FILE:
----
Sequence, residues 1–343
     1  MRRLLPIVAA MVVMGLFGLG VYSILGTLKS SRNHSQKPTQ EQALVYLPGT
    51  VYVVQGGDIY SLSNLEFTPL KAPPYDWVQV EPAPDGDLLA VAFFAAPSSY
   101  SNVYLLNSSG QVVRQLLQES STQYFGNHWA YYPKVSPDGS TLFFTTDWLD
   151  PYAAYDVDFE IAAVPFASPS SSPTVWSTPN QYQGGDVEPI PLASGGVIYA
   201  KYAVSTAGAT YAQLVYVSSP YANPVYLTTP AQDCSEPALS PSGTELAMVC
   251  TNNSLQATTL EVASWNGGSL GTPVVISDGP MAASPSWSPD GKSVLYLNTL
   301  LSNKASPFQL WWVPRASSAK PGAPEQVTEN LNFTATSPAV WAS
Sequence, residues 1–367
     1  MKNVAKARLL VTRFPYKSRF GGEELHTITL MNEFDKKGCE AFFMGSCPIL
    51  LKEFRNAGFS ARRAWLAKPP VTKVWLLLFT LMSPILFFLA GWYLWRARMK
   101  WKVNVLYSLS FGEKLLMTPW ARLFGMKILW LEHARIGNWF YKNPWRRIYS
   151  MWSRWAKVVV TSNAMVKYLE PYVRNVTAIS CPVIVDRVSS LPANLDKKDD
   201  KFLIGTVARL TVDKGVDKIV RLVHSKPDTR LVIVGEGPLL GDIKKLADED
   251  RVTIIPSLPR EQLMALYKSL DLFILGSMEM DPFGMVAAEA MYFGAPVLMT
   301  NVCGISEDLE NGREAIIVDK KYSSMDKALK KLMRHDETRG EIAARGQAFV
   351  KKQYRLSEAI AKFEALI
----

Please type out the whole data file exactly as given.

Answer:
Sequence, residues 1–343
     1  MRRLLPIVAA MVVMGLFGLG VYSILGTLKS SRNHSQKPTQ EQALVYLPGT
    51  VYVVQGGDIY SLSNLEFTPL KAPPYDWVQV EPAPDGDLLA VAFFAAPSSY
   101  SNVYLLNSSG QVVRQLLQES STQYFGNHWA YYPKVSPDGS TLFFTTDWLD
   151  PYAAYDVDFE IAAVPFASPS SSPTVWSTPN QYQGGDVEPI PLASGGVIYA
   201  KYAVSTAGAT YAQLVYVSSP YANPVYLTTP AQDCSEPALS PSGTELAMVC
   251  TNNSLQATTL EVASWNGGSL GTPVVISDGP MAASPSWSPD GKSVLYLNTL
   301  LSNKASPFQL WWVPRASSAK PGAPEQVTEN LNFTATSPAV WAS
Sequence, residues 1–367
     1  MKNVAKARLL VTRFPYKSRF GGEELHTITL MNEFDKKGCE AFFMGSCPIL
    51  LKEFRNAGFS ARRAWLAKPP VTKVWLLLFT LMSPILFFLA GWYLWRARMK
   101  WKVNVLYSLS FGEKLLMTPW ARLFGMKILW LEHARIGNWF YKNPWRRIYS
   151  MWSRWAKVVV TSNAMVKYLE PYVRNVTAIS CPVIVDRVSS LPANLDKKDD
   201  KFLIGTVARL TVDKGVDKIV RLVHSKPDTR LVIVGEGPLL GDIKKLADED
   251  RVTIIPSLPR EQLMALYKSL DLFILGSMEM DPFGMVAAEA MYFGAPVLMT
   301  NVCGISEDLE NGREAIIVDK KYSSMDKALK KLMRHDETRG EIAARGQAFV
   351  KKQYRLSEAI AKFEALI